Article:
Rwanda Parliament has passed the Bill approving the ratification of the Protocol on the Free Movement of Persons, Labour, Services and Right of Establishment and residence within the Common Market for Eastern and Southern Africa (COMESA) member countries.
This was one of the items on top of the agenda of the second Ordinary Session of the Lower House of Parliament that kicked off Tuesday 7 June 2016.
Rwanda is among the four countries among 19 COMESA States that have signed Article 4 and 6 of the Treaty requiring member states to remove obstacles to the free movement of persons, labour and services, right of establishment for investors and right of residence within the common market. The others are Burundi (which has already ratified it), Kenya and Zimbabwe.
Explaining the relevance of the Bill relating to that agreement, Hon. Venantie Tugireyezu, the minister in the Office of the President, said approval of the legislation will spur trade and investments among COMESA countries through guaranteeing a genuine common market whereby citizens of the member states can move freely within the common market; take up employment offers, among others.
“The ratification of this protocol is important in boosting the development of policies aiming at building a knowledge based economy, including those directed at enhancing investments, free movement of labour and skills attraction to fill the gap in the Rwandan labour market,” the Minister told the lawmakers.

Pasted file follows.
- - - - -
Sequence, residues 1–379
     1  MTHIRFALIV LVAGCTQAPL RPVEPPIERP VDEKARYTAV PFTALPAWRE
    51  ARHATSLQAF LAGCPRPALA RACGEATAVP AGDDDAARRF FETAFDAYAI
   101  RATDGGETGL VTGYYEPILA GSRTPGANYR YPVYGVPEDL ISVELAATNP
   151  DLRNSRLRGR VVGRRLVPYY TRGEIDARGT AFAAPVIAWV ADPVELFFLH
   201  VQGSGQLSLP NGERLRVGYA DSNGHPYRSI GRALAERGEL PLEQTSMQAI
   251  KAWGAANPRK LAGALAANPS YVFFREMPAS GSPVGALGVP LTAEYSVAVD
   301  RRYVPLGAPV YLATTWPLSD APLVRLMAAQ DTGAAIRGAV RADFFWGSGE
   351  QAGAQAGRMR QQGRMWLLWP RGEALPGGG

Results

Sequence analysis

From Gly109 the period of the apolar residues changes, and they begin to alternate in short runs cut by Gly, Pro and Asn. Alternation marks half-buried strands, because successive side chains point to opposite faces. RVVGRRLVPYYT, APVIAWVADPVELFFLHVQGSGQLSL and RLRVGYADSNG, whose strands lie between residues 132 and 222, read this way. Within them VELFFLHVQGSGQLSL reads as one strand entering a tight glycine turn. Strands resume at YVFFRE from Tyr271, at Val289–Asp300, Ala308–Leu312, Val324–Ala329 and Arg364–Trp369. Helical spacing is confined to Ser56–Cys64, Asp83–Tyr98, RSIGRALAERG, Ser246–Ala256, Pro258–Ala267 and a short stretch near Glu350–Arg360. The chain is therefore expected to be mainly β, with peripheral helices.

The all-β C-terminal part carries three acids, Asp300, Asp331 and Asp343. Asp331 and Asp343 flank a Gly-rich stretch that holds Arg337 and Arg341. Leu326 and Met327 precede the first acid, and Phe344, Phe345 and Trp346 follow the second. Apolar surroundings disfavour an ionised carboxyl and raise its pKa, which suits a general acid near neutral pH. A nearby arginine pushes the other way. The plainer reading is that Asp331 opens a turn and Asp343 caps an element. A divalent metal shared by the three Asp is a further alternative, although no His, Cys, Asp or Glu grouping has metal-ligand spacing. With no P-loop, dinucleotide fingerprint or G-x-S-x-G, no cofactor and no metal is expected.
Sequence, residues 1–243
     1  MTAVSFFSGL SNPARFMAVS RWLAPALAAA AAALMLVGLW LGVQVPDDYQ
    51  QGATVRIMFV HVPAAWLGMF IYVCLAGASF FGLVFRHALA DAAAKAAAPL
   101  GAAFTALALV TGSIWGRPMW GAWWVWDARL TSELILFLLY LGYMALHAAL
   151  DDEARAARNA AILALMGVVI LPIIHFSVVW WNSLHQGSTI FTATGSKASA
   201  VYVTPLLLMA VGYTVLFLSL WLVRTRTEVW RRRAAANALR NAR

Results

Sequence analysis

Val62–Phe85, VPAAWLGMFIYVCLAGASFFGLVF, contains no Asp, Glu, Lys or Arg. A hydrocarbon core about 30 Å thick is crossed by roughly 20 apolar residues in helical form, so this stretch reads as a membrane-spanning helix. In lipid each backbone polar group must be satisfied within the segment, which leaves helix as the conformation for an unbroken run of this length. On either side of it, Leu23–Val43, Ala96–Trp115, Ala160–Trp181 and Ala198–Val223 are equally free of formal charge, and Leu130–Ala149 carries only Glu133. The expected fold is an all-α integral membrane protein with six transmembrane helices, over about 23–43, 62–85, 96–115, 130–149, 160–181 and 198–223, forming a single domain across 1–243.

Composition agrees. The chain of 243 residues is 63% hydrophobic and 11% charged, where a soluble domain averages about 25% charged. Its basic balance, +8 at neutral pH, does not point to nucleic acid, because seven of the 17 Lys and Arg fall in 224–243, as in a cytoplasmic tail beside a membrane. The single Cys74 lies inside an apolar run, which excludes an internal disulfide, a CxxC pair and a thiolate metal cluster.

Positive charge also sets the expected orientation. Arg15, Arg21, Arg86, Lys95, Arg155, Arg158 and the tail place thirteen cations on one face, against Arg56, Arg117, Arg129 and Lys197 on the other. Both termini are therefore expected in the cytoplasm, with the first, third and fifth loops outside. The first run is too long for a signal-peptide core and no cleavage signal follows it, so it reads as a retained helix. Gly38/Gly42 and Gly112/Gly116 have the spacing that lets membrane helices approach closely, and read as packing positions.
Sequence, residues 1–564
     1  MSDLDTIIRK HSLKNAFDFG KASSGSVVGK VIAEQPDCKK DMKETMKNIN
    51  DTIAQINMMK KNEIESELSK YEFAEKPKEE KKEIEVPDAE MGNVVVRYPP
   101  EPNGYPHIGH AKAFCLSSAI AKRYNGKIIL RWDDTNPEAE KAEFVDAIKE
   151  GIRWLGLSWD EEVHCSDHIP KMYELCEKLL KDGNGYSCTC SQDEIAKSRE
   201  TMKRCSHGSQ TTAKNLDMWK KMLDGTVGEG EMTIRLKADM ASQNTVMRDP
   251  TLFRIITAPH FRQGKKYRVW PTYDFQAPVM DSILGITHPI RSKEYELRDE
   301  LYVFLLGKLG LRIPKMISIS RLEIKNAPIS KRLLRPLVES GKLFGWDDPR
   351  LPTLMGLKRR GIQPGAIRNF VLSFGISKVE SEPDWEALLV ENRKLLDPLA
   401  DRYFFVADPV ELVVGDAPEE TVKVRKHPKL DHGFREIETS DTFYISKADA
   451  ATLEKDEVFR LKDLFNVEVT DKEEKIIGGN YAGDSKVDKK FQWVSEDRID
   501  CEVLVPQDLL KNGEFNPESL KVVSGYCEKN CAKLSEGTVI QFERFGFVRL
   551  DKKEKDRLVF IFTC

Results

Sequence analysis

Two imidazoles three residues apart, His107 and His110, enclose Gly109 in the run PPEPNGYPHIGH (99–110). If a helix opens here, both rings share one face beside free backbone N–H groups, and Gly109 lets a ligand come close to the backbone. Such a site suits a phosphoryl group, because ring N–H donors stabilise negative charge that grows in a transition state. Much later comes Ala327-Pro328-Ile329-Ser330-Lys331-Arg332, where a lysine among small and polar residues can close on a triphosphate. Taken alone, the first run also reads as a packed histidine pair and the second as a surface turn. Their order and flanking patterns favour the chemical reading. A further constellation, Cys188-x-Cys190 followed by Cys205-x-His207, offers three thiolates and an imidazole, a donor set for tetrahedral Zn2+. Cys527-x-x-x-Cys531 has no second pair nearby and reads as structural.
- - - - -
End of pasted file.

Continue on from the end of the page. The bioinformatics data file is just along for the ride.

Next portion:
The minister added that ratification of the agreement will encourage other member states that are hesitant in taking a progressive step to ratify the protocol.
Should the Bill be signed into law, Rwanda, as member of the trading bloc, will fully enjoy integration benefits, including ease of business sector, improvement of investment climate, knowledge transfer, security cooperation, infrastructure development, resource transfer and Diaspora management.
Reacting on the Bill, lawmakers expressed concerns on plausible reasons that have led to the delay of ratification of the agreement and asked the minister to shed more light on what losses Rwanda might have endured in the absence of the law.
The Minister said that the causes for delays on ratifying these treaties vary from one country to another and their priorities.
Minister Tugireyezu said although countries might find it relevant and profitable to form economic blocs, many have been fronting their reservations, which leave no room for pressure or gradual accountability.
“We are restrained on the fact that we can’t put pressure on others although there is a common protocol and road map we have all signed, and this calls for more advocacy at all stages,” the minister said. (Extracts from The New Times Newspaper)Leave a reply →